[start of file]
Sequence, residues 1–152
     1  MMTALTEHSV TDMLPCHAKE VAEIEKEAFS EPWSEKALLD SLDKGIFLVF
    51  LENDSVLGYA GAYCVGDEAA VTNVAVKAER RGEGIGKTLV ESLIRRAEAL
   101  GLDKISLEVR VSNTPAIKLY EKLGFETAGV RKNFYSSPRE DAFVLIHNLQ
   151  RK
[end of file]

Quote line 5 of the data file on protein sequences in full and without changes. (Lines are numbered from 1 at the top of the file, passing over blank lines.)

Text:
   151  RK